Who says golf is a young man’s game? Three of the players in contention in the Portugal Masters heading into the final round today are well into their 40s, the oldest of the trio being Paul Lawrie.
In an all too rare occurrence, the 47-year-old Aberdonian has had a hot putter in his hands this week. He’s being rolling them in from all over the place at Clube de Golfe, including a long one at the last for a closing birdie in his third round.
It saw Lawrie sign for a six-under-par 65, having opened with a brace of 66s. On 16-under, he’s lying joint-fourth, two shots behind Dane Anders Hansen and Finn Mikko Korhonen, with three-time major winner Padraig Harrington sandwiched in between.
Bidding for his ninth European Tour triumph, Lawrie is in the mix for the first time since the Qatar Masters back in January. He led with a circuit to go on that occasion only to close with a disappointing 78. That hurt. This time he’ll be aiming to stay in the hunt right to the finish.
One-under through 11 holes, nothing much had happened in his round. An eagle-3 at the 12th was the spark he’d been looking for. It was followed by back-to-back birdies before finishing with a nice 3.
“It was a bit of struggle on the front nine but a lovely back nine,” admitted Lawrie, who reluctantly sat out the Dunhill Links a fortnight ago after being ill when he was one of Darren Clarke’s vice-captains at the Ryder Cup the previous week but used that time off to work on getting a better posture over the ball.
That has paid dividends. It’s on the greens, though, where Lawrie has enjoyed a welcome change in fortune so far this week. “I putted nice again, as I have all week,” he added.
Lawrie’s not alone in trying to land a Scottish success in the final regular event of the European Tour season. Marc Warren may have relinquished the lead, but he’s still in contention. The 35-year-old had his momentum halted by three straight bogeys around the turn, but is just three off the pace.
Don’t rule out Stephen Gallacher, either. The 41-year-old jumped 29 spots to joint-eight on the back of a 64. It’s been a tough year for the Bathgate man due to a hand injury. It’s forced him to change his swing completely. Slowly but surely, though, his best golf is starting to return.
After his 61 on Friday, Richie Ramsay had to settle for a 69 that dropped him six shots back. David Drysdale shot the same score to sit on 10-under, one ahead of Scott Jamieson (71). He’ll be looking for something better today to ensure he finishes inside the 110th in the Race to Dubai. The projected standings had him sitting 108th.
In this same event 12 months ago, Hansen announced his retirement. The 46-year-old has only played in four previous events this season and this one is merely to fulfil a requirement for taking up spots through being in the top 40 of the European Tour’s career money-list. He surprised himself by carding a 62 to share top spot with Korhonen as he signed for a 64.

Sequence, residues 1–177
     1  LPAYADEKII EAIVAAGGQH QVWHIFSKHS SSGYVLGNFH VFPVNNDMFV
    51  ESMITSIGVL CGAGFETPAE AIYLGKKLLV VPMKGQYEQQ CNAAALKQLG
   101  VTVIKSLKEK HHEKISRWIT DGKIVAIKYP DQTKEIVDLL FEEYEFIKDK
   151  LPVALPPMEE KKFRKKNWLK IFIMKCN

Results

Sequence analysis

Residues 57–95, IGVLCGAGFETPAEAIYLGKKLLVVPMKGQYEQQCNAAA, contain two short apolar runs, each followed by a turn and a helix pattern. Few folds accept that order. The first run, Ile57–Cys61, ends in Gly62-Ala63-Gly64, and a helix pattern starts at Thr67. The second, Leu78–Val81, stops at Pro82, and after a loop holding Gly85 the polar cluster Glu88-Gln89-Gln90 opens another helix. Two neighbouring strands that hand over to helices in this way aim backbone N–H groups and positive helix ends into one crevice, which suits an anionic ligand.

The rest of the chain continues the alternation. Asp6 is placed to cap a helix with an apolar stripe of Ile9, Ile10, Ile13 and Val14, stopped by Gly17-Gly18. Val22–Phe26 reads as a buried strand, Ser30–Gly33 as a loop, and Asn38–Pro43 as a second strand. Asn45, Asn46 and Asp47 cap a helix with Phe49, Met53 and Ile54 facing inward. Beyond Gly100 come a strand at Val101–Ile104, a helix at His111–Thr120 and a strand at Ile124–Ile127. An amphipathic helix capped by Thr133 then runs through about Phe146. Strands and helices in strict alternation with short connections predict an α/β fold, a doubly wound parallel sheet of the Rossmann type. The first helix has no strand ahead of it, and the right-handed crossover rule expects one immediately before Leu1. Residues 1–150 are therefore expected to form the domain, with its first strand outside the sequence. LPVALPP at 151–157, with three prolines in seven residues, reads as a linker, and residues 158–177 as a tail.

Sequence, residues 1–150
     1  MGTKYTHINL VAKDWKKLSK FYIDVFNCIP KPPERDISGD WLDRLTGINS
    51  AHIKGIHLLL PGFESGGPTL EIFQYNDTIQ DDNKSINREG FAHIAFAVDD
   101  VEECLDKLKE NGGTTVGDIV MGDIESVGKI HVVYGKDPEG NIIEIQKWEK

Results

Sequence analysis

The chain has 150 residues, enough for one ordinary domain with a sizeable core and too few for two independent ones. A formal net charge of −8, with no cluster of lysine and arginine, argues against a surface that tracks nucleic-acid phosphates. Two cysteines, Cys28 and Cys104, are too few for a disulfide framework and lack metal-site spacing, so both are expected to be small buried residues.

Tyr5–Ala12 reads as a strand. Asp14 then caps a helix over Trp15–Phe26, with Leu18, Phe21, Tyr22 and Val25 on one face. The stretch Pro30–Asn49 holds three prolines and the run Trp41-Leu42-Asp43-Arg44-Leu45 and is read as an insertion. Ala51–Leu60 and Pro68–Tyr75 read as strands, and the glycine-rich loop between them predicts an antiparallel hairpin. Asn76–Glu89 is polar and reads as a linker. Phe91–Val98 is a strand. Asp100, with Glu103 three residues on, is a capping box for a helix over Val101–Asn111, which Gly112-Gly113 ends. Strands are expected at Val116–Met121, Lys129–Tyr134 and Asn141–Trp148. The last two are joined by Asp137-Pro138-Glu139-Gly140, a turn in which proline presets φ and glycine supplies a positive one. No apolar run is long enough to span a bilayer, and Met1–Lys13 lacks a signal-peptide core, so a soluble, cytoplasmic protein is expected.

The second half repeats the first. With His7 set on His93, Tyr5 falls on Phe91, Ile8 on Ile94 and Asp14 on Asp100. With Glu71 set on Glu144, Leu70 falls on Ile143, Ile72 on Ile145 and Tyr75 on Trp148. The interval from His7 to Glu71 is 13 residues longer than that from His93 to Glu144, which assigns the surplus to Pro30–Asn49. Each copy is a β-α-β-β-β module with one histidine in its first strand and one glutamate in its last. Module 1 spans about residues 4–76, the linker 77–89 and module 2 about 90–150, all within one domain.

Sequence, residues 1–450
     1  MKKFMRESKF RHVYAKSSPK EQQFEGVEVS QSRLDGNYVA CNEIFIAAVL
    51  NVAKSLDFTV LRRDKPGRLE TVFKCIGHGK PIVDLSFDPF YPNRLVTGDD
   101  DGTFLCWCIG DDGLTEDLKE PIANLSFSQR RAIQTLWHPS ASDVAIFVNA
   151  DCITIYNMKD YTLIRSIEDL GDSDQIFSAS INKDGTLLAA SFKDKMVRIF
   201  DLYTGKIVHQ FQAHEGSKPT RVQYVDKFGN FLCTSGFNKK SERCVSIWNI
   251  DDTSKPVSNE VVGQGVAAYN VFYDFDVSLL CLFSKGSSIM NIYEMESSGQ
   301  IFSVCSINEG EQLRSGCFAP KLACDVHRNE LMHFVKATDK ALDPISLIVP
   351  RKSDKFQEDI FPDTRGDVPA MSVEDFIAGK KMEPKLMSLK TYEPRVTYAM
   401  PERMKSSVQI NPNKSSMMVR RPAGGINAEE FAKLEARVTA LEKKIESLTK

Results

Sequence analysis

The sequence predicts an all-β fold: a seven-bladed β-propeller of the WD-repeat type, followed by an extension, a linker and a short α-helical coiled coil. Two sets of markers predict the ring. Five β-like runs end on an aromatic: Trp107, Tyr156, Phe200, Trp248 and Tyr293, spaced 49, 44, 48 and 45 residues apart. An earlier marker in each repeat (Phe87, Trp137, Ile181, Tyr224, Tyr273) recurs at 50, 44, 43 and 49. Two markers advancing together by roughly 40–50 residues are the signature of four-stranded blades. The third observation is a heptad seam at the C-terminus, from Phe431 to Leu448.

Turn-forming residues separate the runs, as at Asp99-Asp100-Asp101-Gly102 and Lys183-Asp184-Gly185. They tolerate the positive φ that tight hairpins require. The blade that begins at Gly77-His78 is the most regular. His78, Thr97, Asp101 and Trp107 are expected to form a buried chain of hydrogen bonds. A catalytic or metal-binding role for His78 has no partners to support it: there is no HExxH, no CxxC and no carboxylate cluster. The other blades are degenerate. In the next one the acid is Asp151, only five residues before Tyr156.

“It’s nice to know that I can still do it, even though I’m not playing too much golf anymore,” admitted Hansen, a three-time Tour winner, most recently in the 2009 Joburg Open. “But I’m not going to come back and play full-time. I’m very happy where I am. That decision has been made, so I’m just enjoying playing and being out here.”
Few people enjoy playing golf more than Harrington. His last victory in a regular European Tour event was the Irish Open nine years ago. The 45-year-old has the bit between his teeth this week, though. He topped the leaderboard after getting to 18-under with his fifth birdie of the round in 10 holes. The Irishman reckoned he’d squandered a chance to knock a few players out the title race by then being one-over for the remaining eight. He’s still lurking ominously, though,
“I’m happy with that,” he admitted. “If I’d pushed on and picked up a couple more, it would have taken a lot of people out of contention tomorrow. Now there’s plenty of guys now who feel they can shoot a low one out there and have a chance of winning. So I’ve got to play well tomorrow and there’s a lot of work to be done.”
Elsewhere, Russell Knox headed into today’s final round of the PGA Tour’s CIMB Classic in Malaysia lying joint-second. Bidding for his third victory in 2016, the Scot carded a four-under 68 in Kuala Lumpur for a 15-under-par total. It left him alongside defending champion Justin Thomas (71), the pair having four shots to make up on Anirban Lahiri after the Indian player took over from Thomas at the head of affairs following a 65.
One Scot already celebrating is Michele Thomson. The former Curtis Cup player has secured a place on the Ladies European Tour next season after finishing fourth on its development circuit’s Order of Merit. Attached to Meldrum House, she has earned the step up at the age of 28.